SPIKE to investigate what's going on here to start
Overview: The primary issue is that a recalled item had a due date of October 23 and item was returned on December 5. The patron was not billed an overdue fine but should have been billed $1.00 per day for the days the library was opened.
A secondary issue is that the renewals and recall of this item did not change the due date. It remained October 23. That seems odd to me, but I am not a loan expert. Depending on what the dev discovers, we may need to change the overdue fine process to calculate overdues using the most recent renewal date (if there is one) from the loan 'action' record rather that Due date. Holly will make a separate JIRA for this if it is needed. (Never mind the secondary issue. A recall not changing the due date when an item is already overdue is a known issue. It is functioning as originally specified. There is an enhancement in JIRA for a configuration option to change due date when recalling an overdue item. The multiple 'renewed' actions are artifacts of updating the loan record via the loan-storage API endpoint, and, at least as far as Brooks understands, should not have actually changed the due date, either, as they didn’t touch the BL APIs.)
Important Information: MSU has had recalled fines assessed properly in the past on loaned items that were associated with the correct Overdue Fine Policy upon checkout (which is what normally happens). The loan he is reporting the error with was part of a first batch of loans MSU had to 'correct' the Overdue Fine Policy for via API (this was done two weeks ago). This is the first of that batch of loans that was returned late after being recalled. Brooks is wondering if there is any data, other than what is listed below, considered when processing overdue loans?
- Loan Data: due date and returned date
- Loan Policy (as set in Loan Data): grace period
- Overdue Fine Policy (as set in Loan Data): all settings
Details from Slack conversation:
- Brooks asked Holly what was supposed to happen with recalled items that were returned late, and I explained that the Overdue recall fine from the Overdue Fine Policy in effect would be charged at check-in for the days from the due date to the returned date (ignoring closed days if Count closed days/hours/minute is set to "No").
- Brooks then Slacked: "That’s what I thought. I have a specific case in our environment where that didn’t happen. This is a loan where we had to go in and “correct” the associated overdue fine policy via API a couple weeks ago after discovering a circulation rules misconfiguration. The due dates were not modified. The item was due on 10/23 and returned on 12/5. It was recalled on 11/17, with a 7 day return interval. It had been renewed twice. We were closed 11/25, 11/26, and 11/27. My understanding is that recall fines should have been charged from 10/23, up to the maximum, when the item was checked in. Thoughts?"
- Holly then asked Brooks for screen prints of the Calendar for the Service point, the Overdue Fine Policy in effect and the Loan Details for the loan. The screen prints are all attached.
- Cate then Slacked: "If you can't figure this out by looking at it, you might want to run it by Bohdan Suprun. He has recently looked at the "dueDateChangeByRecall" flag and how it gets set as part of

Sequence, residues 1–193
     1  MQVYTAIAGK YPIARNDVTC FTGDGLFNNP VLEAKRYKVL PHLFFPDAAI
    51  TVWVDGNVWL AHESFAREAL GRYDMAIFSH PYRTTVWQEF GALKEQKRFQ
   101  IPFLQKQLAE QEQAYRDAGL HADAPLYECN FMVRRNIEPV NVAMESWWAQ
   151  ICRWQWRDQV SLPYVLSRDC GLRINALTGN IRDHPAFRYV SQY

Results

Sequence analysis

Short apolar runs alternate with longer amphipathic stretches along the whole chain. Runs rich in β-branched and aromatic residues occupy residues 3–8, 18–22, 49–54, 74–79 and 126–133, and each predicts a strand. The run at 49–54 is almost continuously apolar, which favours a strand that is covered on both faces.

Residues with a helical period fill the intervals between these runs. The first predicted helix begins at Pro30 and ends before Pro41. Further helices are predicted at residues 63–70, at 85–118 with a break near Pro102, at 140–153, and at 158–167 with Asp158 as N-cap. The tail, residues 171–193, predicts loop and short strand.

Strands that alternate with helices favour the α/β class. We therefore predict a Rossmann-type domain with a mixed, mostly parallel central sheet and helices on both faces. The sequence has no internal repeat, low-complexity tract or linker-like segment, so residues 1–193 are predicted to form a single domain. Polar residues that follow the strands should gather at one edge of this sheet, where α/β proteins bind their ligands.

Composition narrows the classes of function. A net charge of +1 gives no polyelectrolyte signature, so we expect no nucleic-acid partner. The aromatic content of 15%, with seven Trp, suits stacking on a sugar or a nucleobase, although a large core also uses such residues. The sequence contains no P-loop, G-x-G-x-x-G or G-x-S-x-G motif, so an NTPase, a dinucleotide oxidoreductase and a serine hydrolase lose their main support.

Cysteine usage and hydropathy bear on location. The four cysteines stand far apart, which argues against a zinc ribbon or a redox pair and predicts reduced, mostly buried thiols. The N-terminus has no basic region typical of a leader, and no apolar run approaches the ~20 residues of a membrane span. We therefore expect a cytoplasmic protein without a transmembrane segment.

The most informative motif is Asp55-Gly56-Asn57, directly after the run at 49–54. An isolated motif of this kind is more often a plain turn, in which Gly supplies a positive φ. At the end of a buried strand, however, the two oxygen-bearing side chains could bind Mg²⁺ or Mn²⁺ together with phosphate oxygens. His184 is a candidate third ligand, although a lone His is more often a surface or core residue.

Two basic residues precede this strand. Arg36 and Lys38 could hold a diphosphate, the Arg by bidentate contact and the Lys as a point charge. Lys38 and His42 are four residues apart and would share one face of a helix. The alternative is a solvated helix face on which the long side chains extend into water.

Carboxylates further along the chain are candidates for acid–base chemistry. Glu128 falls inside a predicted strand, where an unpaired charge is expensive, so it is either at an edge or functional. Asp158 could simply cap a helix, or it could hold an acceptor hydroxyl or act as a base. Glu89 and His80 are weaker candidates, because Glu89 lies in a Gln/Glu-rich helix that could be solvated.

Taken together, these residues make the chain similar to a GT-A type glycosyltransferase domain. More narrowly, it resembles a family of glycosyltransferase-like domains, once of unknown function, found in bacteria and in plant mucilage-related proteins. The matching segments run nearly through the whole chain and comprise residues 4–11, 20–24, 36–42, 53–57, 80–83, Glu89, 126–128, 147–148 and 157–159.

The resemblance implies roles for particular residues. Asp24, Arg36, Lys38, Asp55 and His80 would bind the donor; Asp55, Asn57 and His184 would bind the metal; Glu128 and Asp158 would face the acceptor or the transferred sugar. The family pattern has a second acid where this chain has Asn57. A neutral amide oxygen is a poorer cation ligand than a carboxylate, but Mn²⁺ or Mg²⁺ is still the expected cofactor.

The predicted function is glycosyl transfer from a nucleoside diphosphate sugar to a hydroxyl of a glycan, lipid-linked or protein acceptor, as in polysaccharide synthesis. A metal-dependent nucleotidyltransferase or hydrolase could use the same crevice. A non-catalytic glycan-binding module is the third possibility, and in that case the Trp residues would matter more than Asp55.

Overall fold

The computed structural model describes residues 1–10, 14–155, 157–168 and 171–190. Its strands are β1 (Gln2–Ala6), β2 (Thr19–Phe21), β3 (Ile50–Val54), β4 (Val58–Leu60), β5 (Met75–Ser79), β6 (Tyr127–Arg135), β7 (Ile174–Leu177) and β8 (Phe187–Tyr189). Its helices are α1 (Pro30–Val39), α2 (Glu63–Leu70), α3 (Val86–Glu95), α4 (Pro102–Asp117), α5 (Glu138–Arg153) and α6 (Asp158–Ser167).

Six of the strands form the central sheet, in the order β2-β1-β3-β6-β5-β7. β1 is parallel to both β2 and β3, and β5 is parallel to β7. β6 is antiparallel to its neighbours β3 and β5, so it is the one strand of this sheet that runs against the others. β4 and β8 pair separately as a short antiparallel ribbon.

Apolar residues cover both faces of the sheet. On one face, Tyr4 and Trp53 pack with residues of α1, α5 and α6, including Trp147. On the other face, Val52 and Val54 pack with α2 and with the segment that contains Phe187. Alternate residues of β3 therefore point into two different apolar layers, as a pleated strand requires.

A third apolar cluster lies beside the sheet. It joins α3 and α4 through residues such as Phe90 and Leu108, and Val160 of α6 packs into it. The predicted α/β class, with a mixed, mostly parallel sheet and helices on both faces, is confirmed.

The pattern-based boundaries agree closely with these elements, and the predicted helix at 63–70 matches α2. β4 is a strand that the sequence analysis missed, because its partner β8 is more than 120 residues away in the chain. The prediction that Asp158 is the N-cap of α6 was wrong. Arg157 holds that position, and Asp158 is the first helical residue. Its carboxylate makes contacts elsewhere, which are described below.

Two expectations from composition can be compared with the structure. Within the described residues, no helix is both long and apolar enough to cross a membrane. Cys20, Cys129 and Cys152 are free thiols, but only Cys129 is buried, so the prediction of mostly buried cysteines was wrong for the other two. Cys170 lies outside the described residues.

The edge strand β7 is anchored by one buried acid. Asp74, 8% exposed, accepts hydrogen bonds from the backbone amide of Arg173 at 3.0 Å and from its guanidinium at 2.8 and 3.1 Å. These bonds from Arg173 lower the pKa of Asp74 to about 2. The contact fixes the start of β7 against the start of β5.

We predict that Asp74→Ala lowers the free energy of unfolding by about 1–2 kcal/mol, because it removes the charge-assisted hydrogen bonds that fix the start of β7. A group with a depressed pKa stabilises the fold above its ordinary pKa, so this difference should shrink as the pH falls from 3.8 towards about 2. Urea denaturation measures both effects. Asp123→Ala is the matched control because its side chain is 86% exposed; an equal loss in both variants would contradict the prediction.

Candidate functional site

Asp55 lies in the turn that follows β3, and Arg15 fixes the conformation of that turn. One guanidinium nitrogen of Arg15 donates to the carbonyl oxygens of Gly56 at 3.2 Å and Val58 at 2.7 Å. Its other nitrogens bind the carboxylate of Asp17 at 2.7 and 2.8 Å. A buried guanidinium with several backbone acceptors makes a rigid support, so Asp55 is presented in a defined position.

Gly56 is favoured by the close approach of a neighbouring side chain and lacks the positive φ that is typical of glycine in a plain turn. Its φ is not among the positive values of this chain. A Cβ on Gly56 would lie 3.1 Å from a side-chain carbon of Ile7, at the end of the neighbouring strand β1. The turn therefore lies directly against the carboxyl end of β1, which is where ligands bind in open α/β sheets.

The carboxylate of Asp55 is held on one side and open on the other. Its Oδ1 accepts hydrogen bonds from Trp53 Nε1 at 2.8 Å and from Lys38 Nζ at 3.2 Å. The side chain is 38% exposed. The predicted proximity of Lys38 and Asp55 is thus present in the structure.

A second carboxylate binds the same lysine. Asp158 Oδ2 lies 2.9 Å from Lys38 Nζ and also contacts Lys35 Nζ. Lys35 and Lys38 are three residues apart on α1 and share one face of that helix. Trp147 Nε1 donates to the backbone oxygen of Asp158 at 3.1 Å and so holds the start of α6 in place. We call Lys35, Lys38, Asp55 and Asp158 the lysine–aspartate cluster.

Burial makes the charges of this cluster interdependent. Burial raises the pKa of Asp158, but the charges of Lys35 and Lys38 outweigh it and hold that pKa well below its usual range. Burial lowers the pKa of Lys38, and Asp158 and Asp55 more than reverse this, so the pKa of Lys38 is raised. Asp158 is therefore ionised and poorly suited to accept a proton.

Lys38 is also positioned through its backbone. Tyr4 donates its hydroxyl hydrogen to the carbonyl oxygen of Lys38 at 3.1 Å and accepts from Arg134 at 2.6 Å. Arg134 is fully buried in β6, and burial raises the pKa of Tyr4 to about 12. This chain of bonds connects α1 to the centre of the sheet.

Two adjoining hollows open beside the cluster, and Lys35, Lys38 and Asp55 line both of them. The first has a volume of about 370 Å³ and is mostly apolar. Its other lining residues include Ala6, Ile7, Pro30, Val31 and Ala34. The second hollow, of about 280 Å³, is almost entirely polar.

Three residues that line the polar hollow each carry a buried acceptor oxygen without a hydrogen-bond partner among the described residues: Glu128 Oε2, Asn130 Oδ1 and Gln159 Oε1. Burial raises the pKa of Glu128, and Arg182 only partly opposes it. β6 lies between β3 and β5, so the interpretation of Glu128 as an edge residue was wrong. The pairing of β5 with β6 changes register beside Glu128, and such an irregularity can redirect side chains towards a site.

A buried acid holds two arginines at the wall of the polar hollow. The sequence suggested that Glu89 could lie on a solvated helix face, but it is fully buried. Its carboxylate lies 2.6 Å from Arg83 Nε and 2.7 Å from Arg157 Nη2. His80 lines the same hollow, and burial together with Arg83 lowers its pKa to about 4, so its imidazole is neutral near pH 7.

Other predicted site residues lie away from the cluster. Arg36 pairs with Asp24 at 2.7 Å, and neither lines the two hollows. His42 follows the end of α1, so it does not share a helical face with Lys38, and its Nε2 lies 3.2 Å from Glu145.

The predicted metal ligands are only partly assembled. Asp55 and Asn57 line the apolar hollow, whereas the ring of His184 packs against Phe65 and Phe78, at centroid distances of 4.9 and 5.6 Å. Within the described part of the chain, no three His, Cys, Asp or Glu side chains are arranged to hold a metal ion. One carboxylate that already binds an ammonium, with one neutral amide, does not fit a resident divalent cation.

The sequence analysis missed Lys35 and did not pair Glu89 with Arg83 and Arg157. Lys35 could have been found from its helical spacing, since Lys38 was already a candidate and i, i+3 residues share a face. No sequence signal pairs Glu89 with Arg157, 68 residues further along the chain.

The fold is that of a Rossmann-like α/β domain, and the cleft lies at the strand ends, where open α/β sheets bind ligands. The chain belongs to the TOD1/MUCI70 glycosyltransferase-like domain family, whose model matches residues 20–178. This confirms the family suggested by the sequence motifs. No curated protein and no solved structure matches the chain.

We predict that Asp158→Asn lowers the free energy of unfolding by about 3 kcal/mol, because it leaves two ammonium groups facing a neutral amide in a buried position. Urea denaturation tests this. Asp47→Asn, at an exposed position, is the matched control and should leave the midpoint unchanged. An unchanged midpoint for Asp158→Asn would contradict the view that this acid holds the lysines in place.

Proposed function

- Holly's response to Brooks: "It looks like the patron was not charged any overdue fines. I would have expected the patron to be charged the recall overdue fine only from the last time the item was renewed (Nov 11/17) until it was returned (12/5), except that I noticed that the Due Date wasn't changed from 10/23/2020. How does the patron know when the item is due after a renewal if the Due Date doesn't change? Does the Loan Policy have a Grace Period? If so, what is it?"
- Brooks again: "Here’s the calendar, and the loan policy has a grace period of 1 day and a recall return interval of 7 days. The 11/17 activity is the result of me editing the overdue fine policy on the loan via the loan-storage API to correct an error in the circulation rule that was originally applied to the loan."
- Holly again: "I am going to create a JIRA bug for this. I am thankful to you for reporting this issue. I tried to get sites to test overdue fines for me using their own data, but was not successful. I knew that what was delivered could not possibly be perfect as is. Code just doesn't work that way. I just had to wait for someone to use overdue fines to find the odd cases that don't work correctly. That someone is you."
- Brooks again: "Which was not the expected behavior. Mostly, I’m wondering what the algorithm is for evaluating a loan at check-in to determine if fines should be assessed? We’ve had recall fines assessed in the past on items that received the correct policy during the initial checkout. This is the first of the group of loans that I updated via API to have the “correct” overdue policy that has been returned late after being recalled, and I’m wondering if anything other than the due date, loan, and overdue policies are considered (ie. the loan metadata and activity log)."
- Holly again: "I don't know about that, but I will include this information in the bug ticket. What should have happened is that the patron should have been charged the recall overdue rate from the Due Date to the Returned Date (which would have been odd, given the Due Date remained at the original due date after the renewals, but that is what is coded to should happen). I will make you a 'Watcher' on the bug..."
- Brooks again: "Thanks. Yeah, from what I can tell, every time the loan JSON is updated in loan-storage, it creates activity entry, and the only thing that was updated on those “renewals” was the overdue policy id. The “action” did not change, so it just recorded the most recent one again."